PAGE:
On Thursday, the Baker Hughes weekly U.S. rig count hit another historic low at 464, representing the fourteenth straight week of declines and the lowest level since data collection began in 1949.
As recently as 2012, the count exceeded 2,000 active rigs, but over the past year, U.S. oil and gas drillers have cut back by an average of about 20 rigs per week.
Active oil rigs (excluding gas) were down to 372, the fewest since late 2009.
But analysts see signs for cautious optimism, at least for some onshore producers. Oil futures are trading at $42 per barrel through 2016 and nearing $45 per barrel for 2017, a good sign for shale drilling operators.
"Based on indications from exploration and production, activity can begin to increase at the $45 level. E&Ps are hedging when the 2017 strip is at or above $45," analysts at Cowen & Co, a financial services firm, said in a note this week.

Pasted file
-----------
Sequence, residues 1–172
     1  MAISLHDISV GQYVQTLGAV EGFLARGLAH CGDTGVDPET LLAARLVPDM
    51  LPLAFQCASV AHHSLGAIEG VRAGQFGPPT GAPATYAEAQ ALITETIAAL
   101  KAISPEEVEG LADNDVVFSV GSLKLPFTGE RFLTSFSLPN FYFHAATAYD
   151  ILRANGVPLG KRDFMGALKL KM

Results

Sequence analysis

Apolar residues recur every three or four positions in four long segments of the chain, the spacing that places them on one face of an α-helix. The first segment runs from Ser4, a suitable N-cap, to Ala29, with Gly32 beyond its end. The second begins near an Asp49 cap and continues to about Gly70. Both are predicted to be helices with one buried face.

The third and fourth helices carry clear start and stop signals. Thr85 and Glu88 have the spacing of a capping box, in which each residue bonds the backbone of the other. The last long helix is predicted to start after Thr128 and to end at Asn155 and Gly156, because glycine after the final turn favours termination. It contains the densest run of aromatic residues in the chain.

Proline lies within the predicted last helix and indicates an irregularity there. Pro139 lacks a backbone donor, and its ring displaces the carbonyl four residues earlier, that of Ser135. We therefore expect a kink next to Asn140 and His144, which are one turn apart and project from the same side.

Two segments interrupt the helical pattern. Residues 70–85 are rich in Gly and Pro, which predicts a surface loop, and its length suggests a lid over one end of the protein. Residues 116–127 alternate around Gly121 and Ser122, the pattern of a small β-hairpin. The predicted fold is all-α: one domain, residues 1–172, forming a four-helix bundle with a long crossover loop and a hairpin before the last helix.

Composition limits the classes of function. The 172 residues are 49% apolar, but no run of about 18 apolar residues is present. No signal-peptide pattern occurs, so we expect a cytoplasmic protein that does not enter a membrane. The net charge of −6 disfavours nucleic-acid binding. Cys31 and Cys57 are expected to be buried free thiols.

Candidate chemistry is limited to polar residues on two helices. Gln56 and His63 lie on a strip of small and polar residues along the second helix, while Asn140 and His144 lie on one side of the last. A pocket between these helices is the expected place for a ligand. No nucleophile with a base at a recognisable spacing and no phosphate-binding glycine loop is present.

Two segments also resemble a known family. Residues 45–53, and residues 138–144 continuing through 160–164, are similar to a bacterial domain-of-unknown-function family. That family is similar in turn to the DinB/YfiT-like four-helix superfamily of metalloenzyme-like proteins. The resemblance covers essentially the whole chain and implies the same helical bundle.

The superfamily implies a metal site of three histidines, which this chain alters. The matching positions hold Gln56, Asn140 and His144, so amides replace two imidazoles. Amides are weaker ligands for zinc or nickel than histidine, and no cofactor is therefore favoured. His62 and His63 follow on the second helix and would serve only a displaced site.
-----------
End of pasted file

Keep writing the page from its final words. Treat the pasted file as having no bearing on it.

But a more widespread turnaround may not occur until next year or later. On Thursday, Dan Young, Wood Mackenzie's head of consulting for Asia Pacific, told an audience at the Offshore Technology Conference that the firm estimates that the value of oil and gas projects deferred since the start of the downturn could rise to $500 billion - up from Wood Mac's year-end estimate of $400 billion. "What we have seen since the end of last year is that that number continues to grow and more and more people talk about project cancellations rather than deferrals . . . Will we get to half a trillion dollars in the course of this year? I won't be surprised if we go that far," he said.
With so many E&P firms pulling back, production is expected to remain relatively flat, potentially leading to price improvements next year. Craig McMahon, Wood Mac's head of research for Asia-Pacific, said that increasing demand should "redress the balance and the oversupply within the market" - leading prices to recover gradually towards the second half of 2017, back towards $60 a barrel.